[I am an] Immoral Dreamer

I’m not in my dream career. Oh, I have the experience and qualifications to be at least sitting at a desk adjacent to the position I dream of, but I am actively avoiding the whole sector. I know if I dip my working hours into even the shallow end of the sector, my lack of self-control will violently and happily drag me into the deeper end, and I cannot let that happen. In this case, it’s better for me to stay uncomfortably out of it, than relax comfortably into it. It could be so easy, so comfortable, so [self-perceived as] immoral.

Yes, I have moral issues with the position I crave.

The moral issue has only appeared since completing university in 2012. Instead of leaving learning behind me, I proactively [and annoyingly] sought out books of case studies which introduced a perplexing idea I have not yet resolved two years later. I have wondered, argued, brainstormed and deliberated the issue, but I cannot reach a conclusive end.

In Gregory David Robert’s book, Shantaram, the lead character arrives in Mumbai, India, and is befriended by a local taxi driver, Prabaker, who lives in a nearby slum. The pair develop a heartwarming friendship as a subplot of a 900+ page book. Like Shantaram, I found Prabaker tiresome initially. But as the storyline develops and the context of Mumbai is explored, Prabaker makes sense; the reader (me) found herself charmed by this little fast-speaking, always-has-an-idea, over-the-top, head-wobbling, endearing man. As Prabaker prepares to marry his dreamboat, Shantaram buys Prabaker a car to afford the new couple a life out of poverty. With the prospect of earning more money, Prabaker works himself into a sleepy state behind the wheel, and dies horrifically in a car accident.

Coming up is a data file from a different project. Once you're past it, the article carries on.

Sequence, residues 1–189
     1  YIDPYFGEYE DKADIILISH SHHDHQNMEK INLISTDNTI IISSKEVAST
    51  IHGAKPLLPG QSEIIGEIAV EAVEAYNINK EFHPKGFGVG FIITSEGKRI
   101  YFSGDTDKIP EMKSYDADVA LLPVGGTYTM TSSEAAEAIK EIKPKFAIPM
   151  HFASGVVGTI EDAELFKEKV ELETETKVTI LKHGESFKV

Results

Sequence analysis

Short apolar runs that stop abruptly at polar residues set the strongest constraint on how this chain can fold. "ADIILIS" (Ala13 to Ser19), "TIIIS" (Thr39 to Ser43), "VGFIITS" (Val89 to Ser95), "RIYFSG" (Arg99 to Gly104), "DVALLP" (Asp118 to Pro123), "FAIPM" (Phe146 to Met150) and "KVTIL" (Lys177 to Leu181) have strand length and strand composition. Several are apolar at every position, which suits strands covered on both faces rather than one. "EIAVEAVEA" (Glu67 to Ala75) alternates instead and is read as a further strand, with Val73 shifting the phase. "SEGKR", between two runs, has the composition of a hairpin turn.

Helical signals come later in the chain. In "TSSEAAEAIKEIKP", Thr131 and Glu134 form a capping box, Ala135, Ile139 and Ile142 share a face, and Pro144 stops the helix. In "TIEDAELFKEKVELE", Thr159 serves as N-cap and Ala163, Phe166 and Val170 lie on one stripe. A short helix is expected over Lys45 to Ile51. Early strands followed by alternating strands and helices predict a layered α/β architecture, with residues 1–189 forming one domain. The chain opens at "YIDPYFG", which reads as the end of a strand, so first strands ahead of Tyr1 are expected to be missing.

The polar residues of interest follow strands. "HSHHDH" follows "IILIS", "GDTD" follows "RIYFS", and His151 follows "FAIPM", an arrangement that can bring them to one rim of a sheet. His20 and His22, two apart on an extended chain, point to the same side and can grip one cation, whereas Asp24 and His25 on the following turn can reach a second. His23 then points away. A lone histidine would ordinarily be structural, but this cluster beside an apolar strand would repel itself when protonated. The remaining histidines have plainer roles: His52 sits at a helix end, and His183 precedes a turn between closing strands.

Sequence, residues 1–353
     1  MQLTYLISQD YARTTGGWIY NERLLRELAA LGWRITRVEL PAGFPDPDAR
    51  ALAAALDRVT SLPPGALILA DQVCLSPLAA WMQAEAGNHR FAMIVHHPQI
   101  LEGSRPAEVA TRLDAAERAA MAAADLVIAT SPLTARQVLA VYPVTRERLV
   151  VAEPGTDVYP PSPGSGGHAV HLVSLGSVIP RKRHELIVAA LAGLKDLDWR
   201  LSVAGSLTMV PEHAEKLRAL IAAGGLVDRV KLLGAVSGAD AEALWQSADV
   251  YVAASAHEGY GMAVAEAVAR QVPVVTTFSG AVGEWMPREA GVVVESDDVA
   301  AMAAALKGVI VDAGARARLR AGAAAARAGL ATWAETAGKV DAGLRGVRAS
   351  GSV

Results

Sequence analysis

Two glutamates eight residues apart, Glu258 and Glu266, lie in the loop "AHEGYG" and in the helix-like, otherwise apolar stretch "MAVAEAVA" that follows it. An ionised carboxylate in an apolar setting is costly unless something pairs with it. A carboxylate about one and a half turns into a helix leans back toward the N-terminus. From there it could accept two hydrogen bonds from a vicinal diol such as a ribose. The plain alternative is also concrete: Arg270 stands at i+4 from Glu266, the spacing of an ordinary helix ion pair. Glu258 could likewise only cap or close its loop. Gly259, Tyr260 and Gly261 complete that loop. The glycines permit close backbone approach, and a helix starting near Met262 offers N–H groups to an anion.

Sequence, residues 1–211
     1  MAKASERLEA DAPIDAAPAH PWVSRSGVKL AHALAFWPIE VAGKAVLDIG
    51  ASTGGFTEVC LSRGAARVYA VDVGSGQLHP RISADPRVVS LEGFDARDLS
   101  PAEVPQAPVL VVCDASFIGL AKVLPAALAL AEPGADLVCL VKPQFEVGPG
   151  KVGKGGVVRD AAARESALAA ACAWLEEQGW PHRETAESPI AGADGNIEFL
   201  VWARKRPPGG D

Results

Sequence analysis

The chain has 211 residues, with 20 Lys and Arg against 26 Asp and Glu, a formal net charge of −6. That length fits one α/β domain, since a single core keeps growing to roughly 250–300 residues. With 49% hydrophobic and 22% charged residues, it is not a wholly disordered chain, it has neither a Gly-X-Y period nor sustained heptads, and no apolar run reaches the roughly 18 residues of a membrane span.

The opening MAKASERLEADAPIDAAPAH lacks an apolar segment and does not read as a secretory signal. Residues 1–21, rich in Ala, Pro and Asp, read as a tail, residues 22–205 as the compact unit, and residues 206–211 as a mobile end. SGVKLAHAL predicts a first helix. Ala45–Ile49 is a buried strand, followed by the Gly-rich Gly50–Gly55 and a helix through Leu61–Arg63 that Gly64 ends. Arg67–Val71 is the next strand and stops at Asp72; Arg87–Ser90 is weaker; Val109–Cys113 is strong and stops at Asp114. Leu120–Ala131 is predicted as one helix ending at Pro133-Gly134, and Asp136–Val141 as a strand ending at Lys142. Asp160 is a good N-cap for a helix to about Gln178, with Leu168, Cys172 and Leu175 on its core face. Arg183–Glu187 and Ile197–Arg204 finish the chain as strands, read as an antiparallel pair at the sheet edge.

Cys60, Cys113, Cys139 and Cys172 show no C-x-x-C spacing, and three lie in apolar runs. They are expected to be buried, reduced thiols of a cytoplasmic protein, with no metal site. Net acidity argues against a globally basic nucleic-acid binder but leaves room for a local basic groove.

Crap.

‘Humanitarian’ work, they call it. International aid, and all its buzzwords. Supporting, helping and delivering services to people who are born in the wrong postcode. I wouldn’t call it altruism. That’s not to say that aid workers are not altruistic in nature; just that the position is not. Tony Vaux, in his aptly titled book, The Selfish Altruist, analyses each one of his projects (Rwanda post-genocide, for example) during his time at Oxfam, highlighting their mistakes along the way. In the end, Vaux challenges himself, with the mistakes in mind, how productive and positive his projects had been. In the Rwandan example, the identities of the rebels and victims had been confused so that his project were delivering food to the rebels, to the further misfortune of the victims. In the same project, food and supplies flown in from the States had been freely handed out with local farmers’ supplies rotting and local entrepreneurs’ businesses folding. Because local businesses were crushed, Rwanda took even longer to recover from its 100 day hell. Vaux’s conclusion broke his own regretful heart.

Granted, projects I undertake are not going to be on the Rwandan scale. But does scale matter when you’re talking about people’s lives? With intervention, some people live who would not have, but also, people who should have lived longer will die. I could be that intervention. But who am I to make that decision?

Maybe the immorality is in sitting back, contemplating the ‘luck of the draw’ while change is necessary. Maybe effort and diligence is enough to counteract the potentially negative results.

Maybe.

But until I’m convinced, I’ll remain uncomfortable.

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